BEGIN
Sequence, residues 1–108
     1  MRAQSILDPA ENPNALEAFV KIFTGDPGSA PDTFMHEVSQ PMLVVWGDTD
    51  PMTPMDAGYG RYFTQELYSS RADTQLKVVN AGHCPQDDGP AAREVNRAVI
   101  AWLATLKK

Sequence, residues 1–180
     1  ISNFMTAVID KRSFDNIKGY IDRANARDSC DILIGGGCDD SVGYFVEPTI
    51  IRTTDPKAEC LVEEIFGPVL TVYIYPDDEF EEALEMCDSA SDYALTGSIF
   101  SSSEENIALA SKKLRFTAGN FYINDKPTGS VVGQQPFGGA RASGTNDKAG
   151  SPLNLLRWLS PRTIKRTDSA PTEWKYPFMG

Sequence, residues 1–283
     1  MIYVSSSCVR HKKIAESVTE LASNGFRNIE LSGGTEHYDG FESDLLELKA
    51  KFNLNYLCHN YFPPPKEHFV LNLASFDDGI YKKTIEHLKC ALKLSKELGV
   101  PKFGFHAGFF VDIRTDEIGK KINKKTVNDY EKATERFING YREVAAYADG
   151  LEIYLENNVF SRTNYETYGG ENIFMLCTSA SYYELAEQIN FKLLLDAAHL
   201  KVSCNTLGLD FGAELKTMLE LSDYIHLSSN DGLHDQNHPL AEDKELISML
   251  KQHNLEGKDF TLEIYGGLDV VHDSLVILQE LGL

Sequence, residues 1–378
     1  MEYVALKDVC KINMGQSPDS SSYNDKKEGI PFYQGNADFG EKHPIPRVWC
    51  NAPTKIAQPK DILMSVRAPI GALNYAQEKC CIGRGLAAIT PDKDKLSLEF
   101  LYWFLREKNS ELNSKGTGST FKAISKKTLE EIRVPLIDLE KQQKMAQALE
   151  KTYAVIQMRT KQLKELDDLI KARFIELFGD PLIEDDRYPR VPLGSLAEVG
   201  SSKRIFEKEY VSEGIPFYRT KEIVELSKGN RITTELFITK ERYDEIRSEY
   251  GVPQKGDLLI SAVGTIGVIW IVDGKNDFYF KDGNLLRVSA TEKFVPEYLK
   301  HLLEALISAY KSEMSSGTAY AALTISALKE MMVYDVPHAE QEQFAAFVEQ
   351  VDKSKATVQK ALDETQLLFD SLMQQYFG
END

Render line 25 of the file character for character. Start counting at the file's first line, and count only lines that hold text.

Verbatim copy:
   351  VDKSKATVQK ALDETQLLFD SLMQQYFG